Wednesday, August 10th | 13 Av 5782

November 18, 2020 5:32 am

Far-Right Propagandist Blames Jews for Trump Election Loss, Uses Blood Libel

avatar by Dexter Van Zile


US President Donald Trump holds a campaign rally, at John Murtha Johnstown-Cambria County Airport, in Johnstown, Pennsylvania, Oct. 13, 2020. Photo: Reuters / Jonathan Ernst.

It was bound to happen. Someone was going to blame the Jews for the ongoing controversy surrounding the 2020 presidential election. Jew-hatred is like that. As soon as something goes wrong in society, somebody comes forward, points the accusing finger at the Jews, and starts telling a story that blames them for the problem.

The story doesn’t have to make any sense, it just has to make people feel good and give them a scapegoat for their anger.

Maybe someone will beat him to the punch, but by my reckoning, one of the first winners is E. Michael Jones, the antisemite from South Bend, Indiana.

On November 11, 2020, Jones appeared on a local cable access show in Indiana and declared that the problems with the US presidential election are the result of a cabal of oligarchs (i.e. Jews) who seek to undermine representative government in the United States by denying Trump his victory.

Related coverage

August 9, 2022 3:54 pm

Strictly Orthodox Jews ‘Reject the Principle of Equality in General,’ New York Times Claims

“Hebrew is by no means the only language that has been the target of calls for change,” the New York...

“Do we have representative government or not?” he asked during an interview with conspiracy-minded fellow traveler Peter Helland. “Can we elect someone that the oligarchs don’t like?”

Jones names and blames three Jews in particular for Trump’s difficulties.

One is Arnon Mishkin, part of Fox News’ “Decision Desk” that made a controversial decision of calling Arizona in favor of Biden (which ultimately proved correct).

“The Jew who is the head of the ‘Decision Desk’ at Fox News betrayed Trump,” Jones said. “So much for gratitude among this group of people. Another guy who interestingly betrayed Trump is Benjamin Netanyahu, who congratulated Biden on winning.”

Jones also accused Dana Nessel, whom he described as “the Jewish lesbian Attorney General who is also a product of Soros money,” of colluding with the FBI to entrap a defendant in a government-facilitated plot to kidnap the governor of Michigan.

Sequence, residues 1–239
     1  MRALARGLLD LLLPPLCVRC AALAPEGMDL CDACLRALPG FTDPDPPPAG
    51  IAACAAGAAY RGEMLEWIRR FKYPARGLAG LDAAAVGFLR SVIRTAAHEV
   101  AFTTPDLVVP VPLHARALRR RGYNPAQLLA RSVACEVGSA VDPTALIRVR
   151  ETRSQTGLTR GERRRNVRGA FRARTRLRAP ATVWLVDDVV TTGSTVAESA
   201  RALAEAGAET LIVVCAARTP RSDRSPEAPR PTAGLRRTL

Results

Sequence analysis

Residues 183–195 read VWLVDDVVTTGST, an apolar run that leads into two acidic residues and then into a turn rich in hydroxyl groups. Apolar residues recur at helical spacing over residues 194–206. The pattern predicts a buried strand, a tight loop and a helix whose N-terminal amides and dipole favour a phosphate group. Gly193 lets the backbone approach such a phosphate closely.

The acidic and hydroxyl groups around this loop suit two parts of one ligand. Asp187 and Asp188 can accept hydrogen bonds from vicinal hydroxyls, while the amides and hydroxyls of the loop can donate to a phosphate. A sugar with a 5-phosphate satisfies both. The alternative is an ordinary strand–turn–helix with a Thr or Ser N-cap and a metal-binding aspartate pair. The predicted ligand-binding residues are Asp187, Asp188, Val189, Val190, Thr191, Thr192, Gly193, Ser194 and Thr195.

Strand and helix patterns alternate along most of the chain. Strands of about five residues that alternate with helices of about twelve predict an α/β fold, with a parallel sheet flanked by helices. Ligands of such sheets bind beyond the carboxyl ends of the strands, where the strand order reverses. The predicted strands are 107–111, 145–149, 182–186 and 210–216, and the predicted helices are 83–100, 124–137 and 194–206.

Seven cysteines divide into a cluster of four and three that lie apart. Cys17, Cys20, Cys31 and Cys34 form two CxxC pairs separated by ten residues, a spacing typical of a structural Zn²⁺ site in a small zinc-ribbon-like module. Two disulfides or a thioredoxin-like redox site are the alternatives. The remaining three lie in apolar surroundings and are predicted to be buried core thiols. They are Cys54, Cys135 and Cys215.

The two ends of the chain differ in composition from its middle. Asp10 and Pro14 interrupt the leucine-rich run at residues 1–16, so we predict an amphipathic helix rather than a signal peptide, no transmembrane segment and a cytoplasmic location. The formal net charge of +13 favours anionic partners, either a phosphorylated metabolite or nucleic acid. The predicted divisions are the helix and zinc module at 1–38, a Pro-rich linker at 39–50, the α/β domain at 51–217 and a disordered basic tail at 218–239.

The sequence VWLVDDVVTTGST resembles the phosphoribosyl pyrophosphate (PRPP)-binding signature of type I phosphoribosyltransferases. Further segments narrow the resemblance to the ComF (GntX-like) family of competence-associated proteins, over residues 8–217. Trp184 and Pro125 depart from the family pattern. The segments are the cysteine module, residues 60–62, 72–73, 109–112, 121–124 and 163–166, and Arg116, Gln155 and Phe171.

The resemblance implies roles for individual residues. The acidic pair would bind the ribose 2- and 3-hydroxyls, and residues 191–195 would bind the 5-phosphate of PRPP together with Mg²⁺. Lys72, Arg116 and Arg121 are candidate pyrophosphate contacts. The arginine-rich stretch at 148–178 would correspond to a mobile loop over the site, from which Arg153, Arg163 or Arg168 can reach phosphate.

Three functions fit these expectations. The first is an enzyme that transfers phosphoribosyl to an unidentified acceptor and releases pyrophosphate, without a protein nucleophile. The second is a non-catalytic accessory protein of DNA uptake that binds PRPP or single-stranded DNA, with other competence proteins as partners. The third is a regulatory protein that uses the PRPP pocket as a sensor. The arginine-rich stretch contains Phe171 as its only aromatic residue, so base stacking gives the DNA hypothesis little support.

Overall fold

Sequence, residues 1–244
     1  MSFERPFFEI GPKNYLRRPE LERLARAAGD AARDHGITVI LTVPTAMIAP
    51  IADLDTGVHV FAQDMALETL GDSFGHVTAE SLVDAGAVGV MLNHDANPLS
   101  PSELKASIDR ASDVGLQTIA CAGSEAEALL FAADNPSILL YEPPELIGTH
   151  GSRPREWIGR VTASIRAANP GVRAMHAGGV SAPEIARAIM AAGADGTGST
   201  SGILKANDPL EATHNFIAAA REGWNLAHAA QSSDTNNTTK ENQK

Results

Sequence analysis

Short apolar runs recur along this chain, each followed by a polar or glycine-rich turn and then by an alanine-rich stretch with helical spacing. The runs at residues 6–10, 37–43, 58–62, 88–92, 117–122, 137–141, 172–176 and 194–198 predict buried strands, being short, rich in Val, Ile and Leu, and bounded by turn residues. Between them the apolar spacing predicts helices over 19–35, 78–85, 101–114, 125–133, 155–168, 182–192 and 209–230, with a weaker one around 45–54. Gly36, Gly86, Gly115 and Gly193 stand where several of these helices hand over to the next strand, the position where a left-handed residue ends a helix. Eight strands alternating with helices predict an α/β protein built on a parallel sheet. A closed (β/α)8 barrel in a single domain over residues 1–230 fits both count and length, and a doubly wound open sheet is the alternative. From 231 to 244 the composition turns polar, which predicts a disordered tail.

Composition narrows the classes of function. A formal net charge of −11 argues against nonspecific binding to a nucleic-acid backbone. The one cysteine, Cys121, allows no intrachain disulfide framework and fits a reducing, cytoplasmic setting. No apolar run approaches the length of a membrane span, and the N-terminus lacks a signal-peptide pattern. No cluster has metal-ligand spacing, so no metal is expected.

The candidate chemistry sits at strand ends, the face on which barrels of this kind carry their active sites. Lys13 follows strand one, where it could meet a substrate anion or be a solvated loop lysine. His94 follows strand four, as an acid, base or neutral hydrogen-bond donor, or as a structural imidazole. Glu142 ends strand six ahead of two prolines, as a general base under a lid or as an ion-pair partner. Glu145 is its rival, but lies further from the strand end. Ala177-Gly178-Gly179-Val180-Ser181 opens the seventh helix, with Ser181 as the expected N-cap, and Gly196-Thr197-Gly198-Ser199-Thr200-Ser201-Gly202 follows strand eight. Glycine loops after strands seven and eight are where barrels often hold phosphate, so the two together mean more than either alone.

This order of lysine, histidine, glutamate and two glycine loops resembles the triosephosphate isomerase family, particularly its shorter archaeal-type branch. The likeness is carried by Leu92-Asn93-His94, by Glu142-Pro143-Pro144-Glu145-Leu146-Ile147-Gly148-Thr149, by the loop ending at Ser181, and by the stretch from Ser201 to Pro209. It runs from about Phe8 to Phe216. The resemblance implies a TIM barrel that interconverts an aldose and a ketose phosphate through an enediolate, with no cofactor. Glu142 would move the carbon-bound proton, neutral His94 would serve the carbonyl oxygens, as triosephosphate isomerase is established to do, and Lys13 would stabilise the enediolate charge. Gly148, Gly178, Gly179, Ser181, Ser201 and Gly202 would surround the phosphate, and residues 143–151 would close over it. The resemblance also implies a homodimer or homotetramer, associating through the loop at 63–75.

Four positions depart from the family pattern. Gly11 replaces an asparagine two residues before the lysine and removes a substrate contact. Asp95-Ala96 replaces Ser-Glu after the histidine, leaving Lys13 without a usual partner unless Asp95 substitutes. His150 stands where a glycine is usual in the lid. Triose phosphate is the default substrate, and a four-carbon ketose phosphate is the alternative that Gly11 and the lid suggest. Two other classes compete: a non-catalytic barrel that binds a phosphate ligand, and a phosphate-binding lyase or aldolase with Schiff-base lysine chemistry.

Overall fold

“She held a press conference in which she said we could not have done this without the help of the FBI,” he said. Five days later, the defendants were arraigned, Jones declared, “and the first thing the lawyer says is that the only person who was advocating violence in this group was the FBI infiltrator. So it was an agent provocateur and it was entrapment.”

Toward the end of the segment, Jones tells his viewers that God is in charge and that order will be restored with Trump’s supposed reelection.

“There’s nothing outside of God’s providence,” he said. “This has the resonance of the resurrection. … I mean what was the greatest catastrophe in human history? The Jews just murdered God. On top of that they crucified him.”

Jesus’ followers thought they were on the cusp of a huge victory only to watch him being killed, Jones said. But then upon discovering the empty tomb, they learned Jesus’ death was “the absolute best thing that could ever happen,” he added.

Jones’ implication is that Jews in America did to Trump what the mob did to Jesus.

The controversy surrounding the 2020 presidential election is bad enough, but with his rhetoric, Jones has taken a worldly political crisis and turned it into a cosmological affront that is nigh on impossible to resolve in a pragmatic manner.

Jones’ rhetoric does more than portray Jews as worthy targets of contempt and hostility; it undermines the very fabric of the American republic itself.

Dexter Van Zile is Shillman Research Fellow for the Committee for Accuracy in Middle East Reporting and Analysis.

The opinions presented by Algemeiner bloggers are solely theirs and do not represent those of The Algemeiner, its publishers or editors. If you would like to share your views with a blog post on The Algemeiner, please be in touch through our Contact page.

Share this Story: Share On Facebook Share On Twitter

Let your voice be heard!

Join the Algemeiner

This site is protected by reCAPTCHA and the Google Privacy Policy and Terms of Service apply.